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Spring is the season of rebirth and renewal, of new beginnings, youth, hope and promise, and happiness. A novel that ends on the first day of spring promises happy ever after.
Yet winter still – and unpredictably – lingers in blustery storms and sudden chills, threatening new lambs and blighting early crops. T S Eliot called April “the cruellest month” because the hope that is awakened in spring may be false hope which is never realised.
· Amidst the bleakness of personal tragedy, April inherits an English country house and its neglected garden, in Catherine Robertson’s novel The Hiding Places, and new life beckons.
· In the crime novel by A D Miller, Snowdrops is a Moscow slang term for those corpses which have been concealed by snow during the winter, only to be revealed by the spring thaw.
· Spring is the great connective in Ali Smith’s novel, uniting the past and the present, men and women, the east and west, the north and south.
· A private walled garden – and its regeneration – is a metaphor for the psychological state of the characters in the classic novel The Secret Garden, by Frances Hodgson Burnett.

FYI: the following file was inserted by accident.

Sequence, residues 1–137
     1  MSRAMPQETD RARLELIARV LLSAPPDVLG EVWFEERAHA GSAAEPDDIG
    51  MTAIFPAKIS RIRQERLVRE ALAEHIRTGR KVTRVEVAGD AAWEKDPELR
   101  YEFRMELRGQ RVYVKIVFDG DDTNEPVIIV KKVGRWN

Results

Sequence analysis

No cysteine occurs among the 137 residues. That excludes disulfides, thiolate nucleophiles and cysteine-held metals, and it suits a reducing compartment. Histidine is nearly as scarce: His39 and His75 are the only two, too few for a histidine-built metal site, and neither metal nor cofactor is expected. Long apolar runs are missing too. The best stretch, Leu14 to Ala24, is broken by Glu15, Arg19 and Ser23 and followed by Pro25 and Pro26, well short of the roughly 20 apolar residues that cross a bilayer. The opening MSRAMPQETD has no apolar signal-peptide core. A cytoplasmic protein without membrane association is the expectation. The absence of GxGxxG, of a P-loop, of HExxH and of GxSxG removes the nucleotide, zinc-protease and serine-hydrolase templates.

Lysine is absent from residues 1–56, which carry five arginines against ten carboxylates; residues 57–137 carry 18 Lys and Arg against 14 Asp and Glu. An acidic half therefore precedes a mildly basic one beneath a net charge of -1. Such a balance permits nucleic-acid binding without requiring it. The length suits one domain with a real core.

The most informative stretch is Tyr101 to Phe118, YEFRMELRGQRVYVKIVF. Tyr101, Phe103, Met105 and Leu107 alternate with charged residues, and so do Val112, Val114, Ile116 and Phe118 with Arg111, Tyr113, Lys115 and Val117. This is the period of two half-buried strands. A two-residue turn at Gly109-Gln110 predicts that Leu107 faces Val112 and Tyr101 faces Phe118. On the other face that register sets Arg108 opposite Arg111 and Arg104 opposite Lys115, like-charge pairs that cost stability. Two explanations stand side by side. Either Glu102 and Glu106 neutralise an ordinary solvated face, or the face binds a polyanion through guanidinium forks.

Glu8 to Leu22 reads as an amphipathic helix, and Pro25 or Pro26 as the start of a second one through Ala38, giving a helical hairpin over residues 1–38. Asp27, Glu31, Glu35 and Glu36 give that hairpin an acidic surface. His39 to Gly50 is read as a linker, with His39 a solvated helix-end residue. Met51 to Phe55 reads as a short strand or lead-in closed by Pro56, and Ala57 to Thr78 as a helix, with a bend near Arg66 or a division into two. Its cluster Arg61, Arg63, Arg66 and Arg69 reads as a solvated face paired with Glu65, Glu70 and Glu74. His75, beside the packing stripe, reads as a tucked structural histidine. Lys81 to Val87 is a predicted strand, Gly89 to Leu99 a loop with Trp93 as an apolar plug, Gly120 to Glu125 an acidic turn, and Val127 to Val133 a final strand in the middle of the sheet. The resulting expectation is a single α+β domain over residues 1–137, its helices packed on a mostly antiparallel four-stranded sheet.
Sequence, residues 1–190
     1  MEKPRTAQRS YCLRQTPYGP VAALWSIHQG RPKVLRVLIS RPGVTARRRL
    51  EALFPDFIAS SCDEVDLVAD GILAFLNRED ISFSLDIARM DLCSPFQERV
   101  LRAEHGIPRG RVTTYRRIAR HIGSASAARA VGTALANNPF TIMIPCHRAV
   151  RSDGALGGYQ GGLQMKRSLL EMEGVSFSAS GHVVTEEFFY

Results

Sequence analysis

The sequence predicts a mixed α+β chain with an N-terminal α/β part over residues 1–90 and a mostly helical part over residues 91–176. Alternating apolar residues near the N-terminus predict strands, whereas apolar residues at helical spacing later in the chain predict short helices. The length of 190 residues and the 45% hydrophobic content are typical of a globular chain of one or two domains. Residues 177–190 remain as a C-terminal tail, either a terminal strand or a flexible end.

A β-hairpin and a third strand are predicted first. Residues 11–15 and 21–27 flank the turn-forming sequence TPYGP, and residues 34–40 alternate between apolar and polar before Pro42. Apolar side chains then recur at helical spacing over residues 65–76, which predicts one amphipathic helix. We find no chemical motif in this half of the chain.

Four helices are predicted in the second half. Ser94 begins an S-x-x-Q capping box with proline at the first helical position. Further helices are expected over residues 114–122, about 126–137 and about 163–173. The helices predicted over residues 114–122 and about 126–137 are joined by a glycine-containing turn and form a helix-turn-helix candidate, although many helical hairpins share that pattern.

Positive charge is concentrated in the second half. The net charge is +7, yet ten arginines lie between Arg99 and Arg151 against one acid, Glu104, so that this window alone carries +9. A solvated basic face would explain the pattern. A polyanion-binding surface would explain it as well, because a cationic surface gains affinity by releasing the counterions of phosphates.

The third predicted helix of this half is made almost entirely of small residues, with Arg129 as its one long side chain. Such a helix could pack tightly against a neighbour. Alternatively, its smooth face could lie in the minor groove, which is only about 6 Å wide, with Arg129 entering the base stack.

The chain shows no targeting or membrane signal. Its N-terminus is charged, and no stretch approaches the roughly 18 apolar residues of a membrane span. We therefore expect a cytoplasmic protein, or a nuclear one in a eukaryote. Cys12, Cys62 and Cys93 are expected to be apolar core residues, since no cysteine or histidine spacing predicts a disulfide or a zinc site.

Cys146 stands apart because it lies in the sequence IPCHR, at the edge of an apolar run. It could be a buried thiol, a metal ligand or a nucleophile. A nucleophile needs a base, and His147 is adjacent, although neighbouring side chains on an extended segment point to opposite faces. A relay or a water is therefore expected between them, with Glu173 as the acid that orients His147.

· Four English women spend a month together on the Italian Riviera, in The Enchanted April by Elizabeth von Arnim, a spring rejuvenation in which they rediscover love and hope, as well as sunshine.
· Rough winds may shake The Darling Buds of May, in the novella by H E Bates, but they don’t discourage the Larkins family in their infectious love of life and each other.
· Vianne moves to a small French village and opens a chocolaterie just as Lent, the traditional time of fasting, begins; the spring rites of Easter brings the events of Chocolat to a head, in the novel by Joanne Harris.
· Suresh is attracted to a woman whose face is always hidden by an umbrella in “Monsoon Love”, a short story by Andrew James Pritchard.
· Ursula Todd is reborn over and over in Kate Atkinson’s Life After Life, living alternate possible lives in an eternal spring.
· Frank is suddenly abandoned by his wife in Moscow and left to care for his children in The Beginning of Spring by Penelope Fitzgerald; the novel ends with a ritual spring cleaning when the windows are flung wide open.